Wednesday, 10 October 2012

Epilogue: Finnegan, our Goonish boy (27/3/10 - 5/10/12)

An Irish Wolfhound takes over your house, your life and your heart.  They are huge in body, heart and personality, once they've adopted you they will follow you to the ends of the earth ignoring the rest of the world.
For an extortionate amount of money we 'rescued' Finnegan aged just over four months.  He had spent his early days in a concrete and wire compound being trained to the show ring but he was going to be too big - yes he really was that large.
This is him with his breeder aged 10 weeks.
 When we got him home he didn't know what the television was, why hair dryers made all that noise, why radios talked, and he never got over his fear of the snake (the cable) that followed the noisy blowy beast that sucked things up off the floor (the hoover), although The Mother Bean says he followed it around watching it intently to make sure it didn't attack her.  It took months to get him to accept the car although evenutally he would walk in as soon the tailgate was opened. With patience and lots of gentling he gradually grew used to life in a house.
Puppy hound on his bag in the sitting room.

And he loved 'his girls', Juno tried to teach him his manners but didn't really have the patience and was slightly worried about being knocked over so she did pull her punches; etiquette training fell to Maia who on more than one occasion came away with a mouthful of ruff.  Hebe just adored her big mate and together they would cause chaos, careering around the house and garden chasing each other, 'mulberry bushing' around the dining table as we're trying to eat until someone (usually us but occasionally one of them) would call a halt and Finn would lie flat out whilst Hebe would curl up and lean against his belly with his hips acting as a pillow.
Let sleeping dogs lie
We started to introduce him to the outside world which was even more scary. It took all of his first summer with us and into the autumn to get him used to cars, buses and motorbikes although he was always wary of them especially if a noisy one approached from behind. We would saunter up into the village and stand and talk with Kevin on the car park until Finn got fed up and lay down letting the vehicles pass him by without shying away every time one moved.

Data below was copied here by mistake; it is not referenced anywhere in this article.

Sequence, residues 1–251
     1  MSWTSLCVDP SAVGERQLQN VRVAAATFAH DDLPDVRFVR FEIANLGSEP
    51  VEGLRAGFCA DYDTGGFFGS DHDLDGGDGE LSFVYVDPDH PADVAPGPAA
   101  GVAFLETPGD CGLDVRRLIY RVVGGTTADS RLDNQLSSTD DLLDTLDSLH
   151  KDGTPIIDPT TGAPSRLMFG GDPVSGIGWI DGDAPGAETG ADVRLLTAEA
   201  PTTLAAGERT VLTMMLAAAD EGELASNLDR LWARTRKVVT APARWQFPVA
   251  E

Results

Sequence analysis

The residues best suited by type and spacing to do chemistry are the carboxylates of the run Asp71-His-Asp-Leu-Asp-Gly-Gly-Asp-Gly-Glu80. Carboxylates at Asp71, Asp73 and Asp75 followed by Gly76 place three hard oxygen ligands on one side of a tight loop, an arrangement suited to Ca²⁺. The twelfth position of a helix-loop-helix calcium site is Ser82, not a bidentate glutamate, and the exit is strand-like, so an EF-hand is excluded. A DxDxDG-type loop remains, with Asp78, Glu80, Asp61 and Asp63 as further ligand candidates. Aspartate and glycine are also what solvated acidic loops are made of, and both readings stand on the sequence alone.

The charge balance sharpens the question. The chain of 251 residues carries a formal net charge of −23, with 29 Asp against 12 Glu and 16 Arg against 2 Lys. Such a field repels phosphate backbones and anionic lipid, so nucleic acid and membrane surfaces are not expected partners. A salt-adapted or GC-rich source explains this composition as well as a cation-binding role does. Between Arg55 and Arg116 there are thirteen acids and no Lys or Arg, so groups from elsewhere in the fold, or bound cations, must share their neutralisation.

Everyone who saw him wanted to say hello but he would back off, we had to explain that he was only a baby and to approach him carefully never putting your hand over his head. Eventually he did learn to stand there and let people talk to him all the while looking at you with a "must I really" expression on his face.
He was a real mummy's boy and 'whiffled' up your face to say hello.  He loved having the office in the house and would greet everyone with a sniff, a waving tail and probably a soggy beard!  If the door was closed he would batter at it until he gained entry but after a quick head count and a check of the tops and recycling bin to see if there was anything worth stealing he would return to the house and his life of leisure - Finnegan was only ever a reluctant, occasional office hound although he did have to check every package that arrived.

Poor boy never really stood a chance, in hindsight we can see that his problems began when he was just over a year old when his skin broke out with pyoderma which we treated with Katie's herbs after an allergy test came back negative for everything except a slight sensitivity for rice. Then he ate the bottle top (which we now think might have been the first flare up in his guts).  He had a dodgy tum and would pick up whatever bug was going round, regularly got the 'splats' which he mostly did down the yard thank goodness, we went through several kilos of slippery elm and multiple jars of honey. He struggled whenever he'd had a good run, getting windy and more splats.